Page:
Tag Archives: Barack Obama

A tough decision.

I don’t want to turn this blog into a political argument.  I really, really don’t.

Some people can get so heated and nasty when arguing over politics and I don’t want to pollute this happy place with that behavior.

That being said, and in honor of my 100th blog post (woo hoo) and the importance of this (and every) election, I felt compelled to share this quote:

“I wish my moderate Republican friends would simply be honest.  They all say they’re voting for Romney because of his economic policies (tenuous and ill-formed as they are), and that they disagree with him on gay rights.  Fine.  Then look me in the eye, speak with a level clear voice, and say, ‘My taxes and take-home pay mean more than your fundamental civil rights, the sanctity of your marriage, your right to visit an ailing spouse in the hospital, your dignity as a citizen of this country, your healthcare, your right to inherit, the mental welfare and emotional well-being of your youth, and your very personhood.’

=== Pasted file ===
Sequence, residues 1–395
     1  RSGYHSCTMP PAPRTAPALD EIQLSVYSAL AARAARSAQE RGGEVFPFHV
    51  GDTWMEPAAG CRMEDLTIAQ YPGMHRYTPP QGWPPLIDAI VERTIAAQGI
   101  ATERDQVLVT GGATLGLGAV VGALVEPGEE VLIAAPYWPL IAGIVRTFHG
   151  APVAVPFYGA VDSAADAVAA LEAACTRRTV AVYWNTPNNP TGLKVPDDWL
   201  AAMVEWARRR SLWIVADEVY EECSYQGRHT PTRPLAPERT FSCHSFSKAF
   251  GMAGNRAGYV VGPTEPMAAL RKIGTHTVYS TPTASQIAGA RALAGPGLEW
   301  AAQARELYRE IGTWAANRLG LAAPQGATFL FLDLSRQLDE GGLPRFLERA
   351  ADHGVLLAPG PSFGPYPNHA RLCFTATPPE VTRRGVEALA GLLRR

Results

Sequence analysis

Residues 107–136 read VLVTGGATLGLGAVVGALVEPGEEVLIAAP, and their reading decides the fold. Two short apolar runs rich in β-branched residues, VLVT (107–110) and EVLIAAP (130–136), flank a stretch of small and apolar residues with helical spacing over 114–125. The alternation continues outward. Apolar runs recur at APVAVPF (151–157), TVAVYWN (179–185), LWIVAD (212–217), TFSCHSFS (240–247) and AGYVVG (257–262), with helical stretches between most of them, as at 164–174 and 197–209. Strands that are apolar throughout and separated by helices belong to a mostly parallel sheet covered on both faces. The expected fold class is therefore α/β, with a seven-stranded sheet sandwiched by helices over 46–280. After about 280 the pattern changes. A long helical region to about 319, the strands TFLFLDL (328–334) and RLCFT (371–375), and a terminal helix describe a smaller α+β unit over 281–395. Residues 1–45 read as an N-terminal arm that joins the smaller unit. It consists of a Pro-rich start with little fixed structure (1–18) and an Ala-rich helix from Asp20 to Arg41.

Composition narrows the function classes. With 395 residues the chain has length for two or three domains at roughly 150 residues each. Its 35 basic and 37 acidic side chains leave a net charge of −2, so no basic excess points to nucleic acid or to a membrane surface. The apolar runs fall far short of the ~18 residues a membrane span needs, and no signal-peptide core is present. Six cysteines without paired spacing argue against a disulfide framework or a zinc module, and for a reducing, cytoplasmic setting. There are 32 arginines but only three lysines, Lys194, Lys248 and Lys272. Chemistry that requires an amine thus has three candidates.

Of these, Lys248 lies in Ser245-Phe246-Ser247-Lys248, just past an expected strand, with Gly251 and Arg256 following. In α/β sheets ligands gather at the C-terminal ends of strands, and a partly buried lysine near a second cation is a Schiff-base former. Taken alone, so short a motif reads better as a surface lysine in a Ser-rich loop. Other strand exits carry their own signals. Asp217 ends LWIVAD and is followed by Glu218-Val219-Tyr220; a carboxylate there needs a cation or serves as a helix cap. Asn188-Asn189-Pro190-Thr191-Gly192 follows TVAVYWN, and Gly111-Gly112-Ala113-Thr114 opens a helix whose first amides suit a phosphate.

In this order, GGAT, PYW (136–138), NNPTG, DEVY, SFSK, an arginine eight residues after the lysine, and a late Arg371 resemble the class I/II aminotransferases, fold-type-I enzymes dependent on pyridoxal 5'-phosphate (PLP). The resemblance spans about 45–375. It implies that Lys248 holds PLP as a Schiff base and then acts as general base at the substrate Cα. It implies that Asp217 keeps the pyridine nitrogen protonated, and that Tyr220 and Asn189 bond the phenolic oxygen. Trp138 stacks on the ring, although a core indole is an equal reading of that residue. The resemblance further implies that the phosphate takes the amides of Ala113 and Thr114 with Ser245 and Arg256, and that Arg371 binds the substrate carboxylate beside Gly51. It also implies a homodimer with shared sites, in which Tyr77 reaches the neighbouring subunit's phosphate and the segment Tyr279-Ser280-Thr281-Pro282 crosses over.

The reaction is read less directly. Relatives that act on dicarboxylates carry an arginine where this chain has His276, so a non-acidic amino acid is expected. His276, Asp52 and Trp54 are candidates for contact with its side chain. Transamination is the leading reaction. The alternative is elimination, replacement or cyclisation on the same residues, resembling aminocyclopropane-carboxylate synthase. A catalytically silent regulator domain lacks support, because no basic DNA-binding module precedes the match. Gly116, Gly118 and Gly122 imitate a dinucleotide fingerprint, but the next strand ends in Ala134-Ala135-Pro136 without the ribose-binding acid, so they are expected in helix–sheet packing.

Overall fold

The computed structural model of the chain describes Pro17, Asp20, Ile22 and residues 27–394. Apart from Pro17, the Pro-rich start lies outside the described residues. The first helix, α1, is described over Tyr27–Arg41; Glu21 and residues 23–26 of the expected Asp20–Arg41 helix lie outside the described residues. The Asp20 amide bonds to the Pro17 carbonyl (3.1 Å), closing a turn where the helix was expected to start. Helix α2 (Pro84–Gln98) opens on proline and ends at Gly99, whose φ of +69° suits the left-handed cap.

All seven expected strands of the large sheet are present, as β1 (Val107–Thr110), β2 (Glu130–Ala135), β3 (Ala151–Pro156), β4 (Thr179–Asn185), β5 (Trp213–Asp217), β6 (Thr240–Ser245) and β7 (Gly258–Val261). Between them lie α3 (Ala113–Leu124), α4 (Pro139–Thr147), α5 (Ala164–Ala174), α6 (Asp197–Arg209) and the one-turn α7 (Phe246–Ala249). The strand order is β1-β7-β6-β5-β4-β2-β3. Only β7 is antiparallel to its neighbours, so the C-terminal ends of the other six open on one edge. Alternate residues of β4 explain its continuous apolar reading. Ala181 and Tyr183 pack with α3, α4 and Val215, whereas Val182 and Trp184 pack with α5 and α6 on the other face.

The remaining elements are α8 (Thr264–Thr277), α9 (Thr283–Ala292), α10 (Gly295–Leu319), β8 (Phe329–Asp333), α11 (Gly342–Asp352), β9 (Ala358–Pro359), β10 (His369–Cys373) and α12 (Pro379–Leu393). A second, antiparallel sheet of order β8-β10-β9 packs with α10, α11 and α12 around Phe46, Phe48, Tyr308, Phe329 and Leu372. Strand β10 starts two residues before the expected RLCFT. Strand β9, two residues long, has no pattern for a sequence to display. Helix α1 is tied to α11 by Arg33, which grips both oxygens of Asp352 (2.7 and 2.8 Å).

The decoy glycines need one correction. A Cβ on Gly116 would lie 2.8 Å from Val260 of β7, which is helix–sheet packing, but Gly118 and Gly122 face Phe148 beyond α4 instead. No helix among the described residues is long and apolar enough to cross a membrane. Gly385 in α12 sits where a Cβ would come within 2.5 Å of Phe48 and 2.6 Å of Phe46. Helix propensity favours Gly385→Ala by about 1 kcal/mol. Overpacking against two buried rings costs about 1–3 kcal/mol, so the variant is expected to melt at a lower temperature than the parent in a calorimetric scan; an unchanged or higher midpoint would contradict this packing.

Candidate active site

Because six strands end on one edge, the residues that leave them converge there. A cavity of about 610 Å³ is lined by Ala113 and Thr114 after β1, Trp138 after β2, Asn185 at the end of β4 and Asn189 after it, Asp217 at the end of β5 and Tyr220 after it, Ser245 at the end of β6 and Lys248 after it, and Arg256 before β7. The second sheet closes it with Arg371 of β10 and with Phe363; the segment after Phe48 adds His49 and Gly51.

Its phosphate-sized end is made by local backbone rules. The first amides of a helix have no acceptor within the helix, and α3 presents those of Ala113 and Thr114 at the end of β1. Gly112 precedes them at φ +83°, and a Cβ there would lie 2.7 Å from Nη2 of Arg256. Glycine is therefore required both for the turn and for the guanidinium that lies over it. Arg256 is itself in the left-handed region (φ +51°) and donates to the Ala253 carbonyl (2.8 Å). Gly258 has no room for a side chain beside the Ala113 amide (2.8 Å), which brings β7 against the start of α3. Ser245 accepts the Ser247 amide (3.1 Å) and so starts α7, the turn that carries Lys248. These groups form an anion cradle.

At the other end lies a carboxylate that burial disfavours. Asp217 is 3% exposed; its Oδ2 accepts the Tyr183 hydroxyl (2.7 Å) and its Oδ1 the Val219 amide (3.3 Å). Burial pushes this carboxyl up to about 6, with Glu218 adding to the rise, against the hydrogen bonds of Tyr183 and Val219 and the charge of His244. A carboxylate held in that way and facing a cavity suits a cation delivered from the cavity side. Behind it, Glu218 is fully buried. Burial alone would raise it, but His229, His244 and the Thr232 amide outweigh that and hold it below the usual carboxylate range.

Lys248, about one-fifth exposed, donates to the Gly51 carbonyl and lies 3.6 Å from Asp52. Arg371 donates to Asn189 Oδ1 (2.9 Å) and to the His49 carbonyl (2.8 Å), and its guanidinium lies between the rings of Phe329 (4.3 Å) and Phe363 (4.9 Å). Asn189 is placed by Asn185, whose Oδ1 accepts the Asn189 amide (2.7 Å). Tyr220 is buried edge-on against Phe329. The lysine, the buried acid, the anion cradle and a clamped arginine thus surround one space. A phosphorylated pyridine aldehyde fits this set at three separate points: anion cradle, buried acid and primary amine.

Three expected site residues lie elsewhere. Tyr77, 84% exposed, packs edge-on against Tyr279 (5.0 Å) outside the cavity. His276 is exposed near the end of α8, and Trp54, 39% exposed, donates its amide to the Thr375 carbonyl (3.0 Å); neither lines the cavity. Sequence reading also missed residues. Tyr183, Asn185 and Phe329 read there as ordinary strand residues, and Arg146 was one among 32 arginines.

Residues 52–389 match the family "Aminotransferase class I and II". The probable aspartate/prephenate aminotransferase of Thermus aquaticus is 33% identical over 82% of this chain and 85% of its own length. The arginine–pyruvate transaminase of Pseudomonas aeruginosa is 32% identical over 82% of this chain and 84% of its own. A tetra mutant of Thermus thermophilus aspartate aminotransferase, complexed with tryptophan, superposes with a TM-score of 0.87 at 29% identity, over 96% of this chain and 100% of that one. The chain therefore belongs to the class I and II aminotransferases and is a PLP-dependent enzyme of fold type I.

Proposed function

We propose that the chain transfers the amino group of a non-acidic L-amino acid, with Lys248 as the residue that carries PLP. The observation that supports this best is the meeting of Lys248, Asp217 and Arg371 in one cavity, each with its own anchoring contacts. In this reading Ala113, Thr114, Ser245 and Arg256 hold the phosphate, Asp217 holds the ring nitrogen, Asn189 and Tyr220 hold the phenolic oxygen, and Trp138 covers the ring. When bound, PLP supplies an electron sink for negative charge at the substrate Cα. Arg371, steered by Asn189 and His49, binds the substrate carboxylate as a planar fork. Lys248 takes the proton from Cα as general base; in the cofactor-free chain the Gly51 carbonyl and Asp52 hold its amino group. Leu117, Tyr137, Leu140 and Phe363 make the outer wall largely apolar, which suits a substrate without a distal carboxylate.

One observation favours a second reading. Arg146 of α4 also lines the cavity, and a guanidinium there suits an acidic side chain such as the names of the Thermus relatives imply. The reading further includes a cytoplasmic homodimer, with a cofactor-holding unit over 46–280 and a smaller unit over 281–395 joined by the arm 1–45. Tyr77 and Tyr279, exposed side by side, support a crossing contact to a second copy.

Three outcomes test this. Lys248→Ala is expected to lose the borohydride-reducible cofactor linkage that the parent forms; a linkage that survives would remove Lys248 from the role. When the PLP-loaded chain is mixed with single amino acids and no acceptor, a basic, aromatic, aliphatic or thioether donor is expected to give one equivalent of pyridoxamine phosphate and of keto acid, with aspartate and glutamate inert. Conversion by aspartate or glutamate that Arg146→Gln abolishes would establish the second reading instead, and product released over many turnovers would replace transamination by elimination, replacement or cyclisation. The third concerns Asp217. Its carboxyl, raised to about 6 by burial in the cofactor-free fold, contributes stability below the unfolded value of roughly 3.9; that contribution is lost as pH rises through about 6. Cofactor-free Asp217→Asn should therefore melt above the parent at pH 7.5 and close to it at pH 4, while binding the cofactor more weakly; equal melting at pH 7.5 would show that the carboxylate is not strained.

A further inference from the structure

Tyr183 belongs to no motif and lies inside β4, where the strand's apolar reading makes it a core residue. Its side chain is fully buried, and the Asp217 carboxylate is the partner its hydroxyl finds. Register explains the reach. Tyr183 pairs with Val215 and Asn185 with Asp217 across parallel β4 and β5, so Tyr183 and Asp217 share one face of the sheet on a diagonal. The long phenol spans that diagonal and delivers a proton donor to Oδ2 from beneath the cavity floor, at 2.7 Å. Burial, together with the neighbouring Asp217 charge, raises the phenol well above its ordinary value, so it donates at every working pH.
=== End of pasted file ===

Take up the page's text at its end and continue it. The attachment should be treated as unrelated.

It’s like voting for George Wallace during the Civil Rights movements, and apologizing for his racism.  You’re still complicit.  You’re still perpetuating anti-gay legislation and cultural homophobia.  You don’t get to walk away clean, because you say you ‘disagree’ with your candidate on these issues.”

-Doug Wright, Pulitzer winning playwright

I was undecided where my vote was going up until a few days ago.  That might surprise a few people, but it’s true.  Most people (I think) assume that I would automatically vote for Obama.  That makes sense.  I did last time and I totally get that assumption.  The thing is,  it’s just not as simple as it used to be, the decision that is.

Turns out i’ve wrestled with it a lot this time.

It’s not like when I was in college, an idealist with little to no responsibility.  Things are a lot different now.  I’m married to somebody whose business (and our livelihood) is greatly affected by things like tax laws and who is in office.

He and I are a family now and thus my responsibilities and priorities have changed dramatically.  My priorities now involve things like having a healthy family, saving money, our financial future, investing, buying a house, sending our future kids to college, even retirement.  Unfortunately a lot of it revolves around money, but that’s life.